Revenue increased 6 percent to $5.2 billion for the quarter that ended June 30. Operating income rose 15 percent to $1.34 billion. Disney said the increase was driven by higher guest spending amid increased ticket prices and hotel room rates. Attendance at domestic parks was up 1 percent in the quarter.
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An overall segment margin north of 25% is bananas. That includes cruise lines, etc. but still.
I'd love to know what the cruise lines do, relative to the enormous initial investment of each ship.
Given that they keep making new ones, I'd assume it's not half bad. But, I'm sure it's also a capitalized expense amortized over many future years' worth of balance sheets.
Yeah, over a billion each, I'm sure, but the four existing ships were built over 15 years. The next three will presumably launch a year apart starting in 2021, so that's something like $5 billion in three years. It's also worth pointing out that the ships all look completely new. You'd never guess the Magic is 20 years old.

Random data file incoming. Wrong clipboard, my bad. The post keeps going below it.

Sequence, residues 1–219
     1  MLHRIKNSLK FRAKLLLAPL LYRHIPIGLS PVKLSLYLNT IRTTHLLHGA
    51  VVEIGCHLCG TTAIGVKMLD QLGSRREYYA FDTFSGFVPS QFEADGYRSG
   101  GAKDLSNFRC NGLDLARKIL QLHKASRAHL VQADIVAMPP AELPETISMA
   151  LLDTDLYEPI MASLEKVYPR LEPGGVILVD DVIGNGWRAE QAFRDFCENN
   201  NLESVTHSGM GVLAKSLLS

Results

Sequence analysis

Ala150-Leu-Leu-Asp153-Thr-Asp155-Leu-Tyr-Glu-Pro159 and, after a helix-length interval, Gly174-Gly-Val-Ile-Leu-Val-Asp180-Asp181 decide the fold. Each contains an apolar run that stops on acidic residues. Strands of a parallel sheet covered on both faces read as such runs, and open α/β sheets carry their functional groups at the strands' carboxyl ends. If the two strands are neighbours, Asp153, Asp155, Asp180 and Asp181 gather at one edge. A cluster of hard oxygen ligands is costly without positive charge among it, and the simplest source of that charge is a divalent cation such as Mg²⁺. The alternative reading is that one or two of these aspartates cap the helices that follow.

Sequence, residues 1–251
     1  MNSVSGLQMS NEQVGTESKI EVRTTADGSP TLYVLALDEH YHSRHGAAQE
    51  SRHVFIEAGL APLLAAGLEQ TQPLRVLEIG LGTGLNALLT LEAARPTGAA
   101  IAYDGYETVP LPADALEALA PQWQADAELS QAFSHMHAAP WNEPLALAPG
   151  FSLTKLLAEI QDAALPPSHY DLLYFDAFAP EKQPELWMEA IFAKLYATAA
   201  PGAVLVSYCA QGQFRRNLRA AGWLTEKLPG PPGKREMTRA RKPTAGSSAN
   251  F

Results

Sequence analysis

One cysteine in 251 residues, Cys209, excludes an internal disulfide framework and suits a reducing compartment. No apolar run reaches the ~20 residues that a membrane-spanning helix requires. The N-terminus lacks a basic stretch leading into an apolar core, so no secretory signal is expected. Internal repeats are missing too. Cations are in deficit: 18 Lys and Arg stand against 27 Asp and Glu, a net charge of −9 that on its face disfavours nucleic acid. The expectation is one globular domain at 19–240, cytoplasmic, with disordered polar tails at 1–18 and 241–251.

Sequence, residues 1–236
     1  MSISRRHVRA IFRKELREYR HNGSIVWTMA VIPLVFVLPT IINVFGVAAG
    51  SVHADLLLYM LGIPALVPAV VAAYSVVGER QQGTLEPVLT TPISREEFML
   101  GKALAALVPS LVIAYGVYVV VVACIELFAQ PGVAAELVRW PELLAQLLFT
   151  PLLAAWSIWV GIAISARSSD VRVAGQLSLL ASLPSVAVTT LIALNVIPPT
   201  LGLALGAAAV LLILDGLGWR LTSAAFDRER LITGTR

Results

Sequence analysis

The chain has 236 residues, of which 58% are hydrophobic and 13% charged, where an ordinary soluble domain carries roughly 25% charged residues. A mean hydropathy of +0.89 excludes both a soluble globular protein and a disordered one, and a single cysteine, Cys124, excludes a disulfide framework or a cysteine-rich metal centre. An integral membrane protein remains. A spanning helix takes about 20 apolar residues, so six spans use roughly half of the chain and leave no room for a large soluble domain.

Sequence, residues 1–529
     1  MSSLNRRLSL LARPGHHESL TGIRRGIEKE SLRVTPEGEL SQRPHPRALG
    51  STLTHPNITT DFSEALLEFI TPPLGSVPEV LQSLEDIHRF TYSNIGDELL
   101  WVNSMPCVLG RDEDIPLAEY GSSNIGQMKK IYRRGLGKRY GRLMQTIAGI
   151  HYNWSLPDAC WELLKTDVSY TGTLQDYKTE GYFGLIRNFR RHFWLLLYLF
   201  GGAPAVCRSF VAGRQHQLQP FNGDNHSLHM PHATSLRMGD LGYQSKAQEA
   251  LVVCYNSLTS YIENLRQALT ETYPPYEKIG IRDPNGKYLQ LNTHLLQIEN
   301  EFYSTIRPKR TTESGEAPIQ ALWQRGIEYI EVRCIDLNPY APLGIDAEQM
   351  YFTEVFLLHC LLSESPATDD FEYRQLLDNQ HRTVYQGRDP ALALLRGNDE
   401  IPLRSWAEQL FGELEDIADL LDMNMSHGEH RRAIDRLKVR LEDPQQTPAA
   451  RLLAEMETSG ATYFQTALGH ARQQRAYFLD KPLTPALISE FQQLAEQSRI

Well, given that the majority of ship labor, with the exception of top level engineering and Captain's staff is international and working for next to nothing wages (at least the portion the cruise line actually pays), I'd say that cruise line operating margins are in the stratosphere. Like airlines they are impacted by the recent rise in fuel costs, but over the preceding 4 years with crude oil prices at their lowest and probably hedged for at least a 18months out, I'd say they're still in great shape. As Jeff mentioned this is excluding the upfront cost/amortization/Depreciation of the ship itself, but operating margins, with the bulk food, cheap liquor prices, etc, money should be falling to the bottom line.
You'd never guess the Magic is 20 years old.
M is a big DCL fan, but prefers the two original ships. She loves them.
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